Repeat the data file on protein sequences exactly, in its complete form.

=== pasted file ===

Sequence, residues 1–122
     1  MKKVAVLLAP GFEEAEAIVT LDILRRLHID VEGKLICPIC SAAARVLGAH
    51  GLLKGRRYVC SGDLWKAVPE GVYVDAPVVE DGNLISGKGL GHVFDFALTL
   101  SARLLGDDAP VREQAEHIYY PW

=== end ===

Sequence, residues 1–122
     1  MKKVAVLLAP GFEEAEAIVT LDILRRLHID VEGKLICPIC SAAARVLGAH
    51  GLLKGRRYVC SGDLWKAVPE GVYVDAPVVE DGNLISGKGL GHVFDFALTL
   101  SARLLGDDAP VREQAEHIYY PW